Local Editorials

Our view: Trust Act goes too far

McHenry County authorities are caught between a state government that seems to want to offer amnesty to undocumented immigrants and a federal government looking to remove them and keep them out.

Illinois’ latest step toward becoming what critics call a “sanctuary state” is the Trust Act, which forbids local law enforcement from cooperating with federal immigration officials in essentially any way beyond what it would do with members of the public.

The act passed with one Republican vote in the House and five in the Senate, and was signed by Gov. Bruce Rauner in August. Its prohibition on local police enforcing immigration law on the streets makes sense. That will help prevent profiling and make it more likely that people of questionable immigration status will report crimes or bear witness.

If the act prohibits McHenry County and any others from housing federal immigration detainees in their jails, then it should be changed. The county long has rented space on the third floor of the jail to U.S. Immigration and Customs Enforcement and the U.S. Marshal’s Office. Although local officials have not given dollar figures in the past, state Rep. Allen Skillicorn, R-East Dundee, said the deal is worth $8.2 million a year.

Skillicorn and David McSweeney, R-Barrington Hills, who both voted against the bill in the House, have called for the bill to be repealed, saying it could be a de facto tax increase for McHenry County if the jail contract is voided. Sen. Pamela Althoff, R-McHenry, who voted for the act, said the likelihood of repealing the Trust Act is limited. She also said that although she is not opposed to going into a special legislative session to better flesh out the law given what has gone on in McHenry County, it does not necessarily mean she will change her mind. Even if the arrangement is allowed, county leaders should re-examine whether they want to be in the business of jailing people for profit, especially if it is going to influence decision-making.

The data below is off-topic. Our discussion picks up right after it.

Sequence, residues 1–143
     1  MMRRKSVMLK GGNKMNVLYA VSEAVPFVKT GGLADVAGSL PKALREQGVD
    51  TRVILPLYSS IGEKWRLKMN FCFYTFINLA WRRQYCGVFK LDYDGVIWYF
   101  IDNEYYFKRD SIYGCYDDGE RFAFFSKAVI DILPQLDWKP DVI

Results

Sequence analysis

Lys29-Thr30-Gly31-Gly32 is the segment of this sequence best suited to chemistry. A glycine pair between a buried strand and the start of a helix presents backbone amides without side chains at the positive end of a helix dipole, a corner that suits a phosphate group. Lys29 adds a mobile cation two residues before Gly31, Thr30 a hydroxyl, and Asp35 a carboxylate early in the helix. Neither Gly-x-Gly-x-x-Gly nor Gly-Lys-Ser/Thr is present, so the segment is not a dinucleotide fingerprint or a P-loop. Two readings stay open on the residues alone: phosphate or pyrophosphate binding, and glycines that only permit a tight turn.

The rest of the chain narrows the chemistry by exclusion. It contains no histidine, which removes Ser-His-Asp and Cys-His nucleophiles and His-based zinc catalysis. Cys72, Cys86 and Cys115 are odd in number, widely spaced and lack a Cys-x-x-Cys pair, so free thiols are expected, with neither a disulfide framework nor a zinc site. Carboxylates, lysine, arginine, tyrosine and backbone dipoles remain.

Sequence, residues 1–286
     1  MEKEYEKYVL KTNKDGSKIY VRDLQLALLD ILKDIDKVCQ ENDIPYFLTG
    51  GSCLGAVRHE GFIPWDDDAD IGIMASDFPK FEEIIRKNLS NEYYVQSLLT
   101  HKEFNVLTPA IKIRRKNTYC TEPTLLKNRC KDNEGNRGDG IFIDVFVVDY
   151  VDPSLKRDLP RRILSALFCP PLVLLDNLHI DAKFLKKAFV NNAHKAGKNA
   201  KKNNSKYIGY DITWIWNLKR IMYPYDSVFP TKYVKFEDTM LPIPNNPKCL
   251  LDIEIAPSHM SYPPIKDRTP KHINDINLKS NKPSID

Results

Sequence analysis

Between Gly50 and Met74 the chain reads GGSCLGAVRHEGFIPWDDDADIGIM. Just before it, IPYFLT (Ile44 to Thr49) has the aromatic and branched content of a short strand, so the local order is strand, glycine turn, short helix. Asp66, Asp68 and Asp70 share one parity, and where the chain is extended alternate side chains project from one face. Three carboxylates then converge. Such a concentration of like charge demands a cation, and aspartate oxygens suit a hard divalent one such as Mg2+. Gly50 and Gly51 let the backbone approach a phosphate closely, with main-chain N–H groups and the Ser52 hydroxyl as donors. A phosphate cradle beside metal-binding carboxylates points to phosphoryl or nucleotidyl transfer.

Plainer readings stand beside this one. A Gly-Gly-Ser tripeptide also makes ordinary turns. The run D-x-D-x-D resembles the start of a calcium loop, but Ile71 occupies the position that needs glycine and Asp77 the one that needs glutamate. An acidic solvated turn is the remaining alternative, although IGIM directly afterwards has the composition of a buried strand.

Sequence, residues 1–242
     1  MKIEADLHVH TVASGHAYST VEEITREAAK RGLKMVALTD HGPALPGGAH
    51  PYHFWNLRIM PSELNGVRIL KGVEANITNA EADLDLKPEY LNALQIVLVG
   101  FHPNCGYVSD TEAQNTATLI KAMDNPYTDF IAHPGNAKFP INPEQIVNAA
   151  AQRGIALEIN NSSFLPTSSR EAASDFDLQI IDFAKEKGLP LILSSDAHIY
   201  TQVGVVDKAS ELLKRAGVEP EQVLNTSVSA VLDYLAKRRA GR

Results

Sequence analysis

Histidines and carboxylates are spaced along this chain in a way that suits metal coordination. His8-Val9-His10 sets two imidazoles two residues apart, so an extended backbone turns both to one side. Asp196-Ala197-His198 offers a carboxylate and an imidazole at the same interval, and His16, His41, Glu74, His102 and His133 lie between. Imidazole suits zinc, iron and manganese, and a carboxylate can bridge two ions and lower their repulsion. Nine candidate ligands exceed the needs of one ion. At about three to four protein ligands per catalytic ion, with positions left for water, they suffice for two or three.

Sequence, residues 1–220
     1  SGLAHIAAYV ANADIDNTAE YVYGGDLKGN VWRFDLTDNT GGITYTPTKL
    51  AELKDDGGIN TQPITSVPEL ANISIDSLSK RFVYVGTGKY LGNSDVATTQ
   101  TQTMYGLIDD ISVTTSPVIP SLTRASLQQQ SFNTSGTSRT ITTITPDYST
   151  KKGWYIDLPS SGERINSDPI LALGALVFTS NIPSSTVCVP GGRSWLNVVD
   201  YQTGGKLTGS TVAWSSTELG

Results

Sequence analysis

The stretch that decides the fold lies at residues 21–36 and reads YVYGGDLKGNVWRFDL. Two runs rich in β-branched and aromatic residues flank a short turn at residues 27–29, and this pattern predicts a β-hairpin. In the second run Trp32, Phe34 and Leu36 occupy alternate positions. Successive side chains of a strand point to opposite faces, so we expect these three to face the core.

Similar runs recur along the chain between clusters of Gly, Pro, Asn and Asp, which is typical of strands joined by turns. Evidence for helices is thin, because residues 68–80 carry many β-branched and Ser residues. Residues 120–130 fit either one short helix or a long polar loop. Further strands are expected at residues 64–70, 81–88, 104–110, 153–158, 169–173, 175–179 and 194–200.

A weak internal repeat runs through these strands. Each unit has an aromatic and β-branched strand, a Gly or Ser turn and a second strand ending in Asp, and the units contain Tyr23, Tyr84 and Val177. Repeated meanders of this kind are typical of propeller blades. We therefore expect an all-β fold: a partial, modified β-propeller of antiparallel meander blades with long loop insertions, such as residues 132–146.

Still, the bigger question behind the Trust Act is whether the state can forbid local law enforcement officials from cooperating with federal immigration authorities.

McHenry County Sheriff Bill Prim said that he should be able to decide how he enforces the law and in cooperation with whom. Niceforo Macedo-Hernandez, 46, of Crystal Lake, and two other McHenry County residents are suing Prim for this stance.

Macedo-Hernandez claimed that Prim violated the Trust Act by refusing to release him after he posted bail on domestic battery charges. Prim’s office also transferred Macedo-Hernandez to immigration authorities in violation of the act.

Generally, cooperation between law enforcement agencies is considered a good thing. But with Illinois and the federal government so out of step on the matter, the state is taking the extraordinary step of prohibiting state and local law enforcement from offering all but the most basic assistance unless they have a warrant. The Trust Act would have state law enforcement and corrections agencies totally ignore any immigration concerns, and it could cost McHenry County a multimillion-dollar federal contract. That’s taking protection of undocumented immigrants a little too far. At a minimum, people should have to be accountable for not being legal residents if they are convicted of a crime that lands them in jail or prison, and Illinois should try to keep that from happening.  

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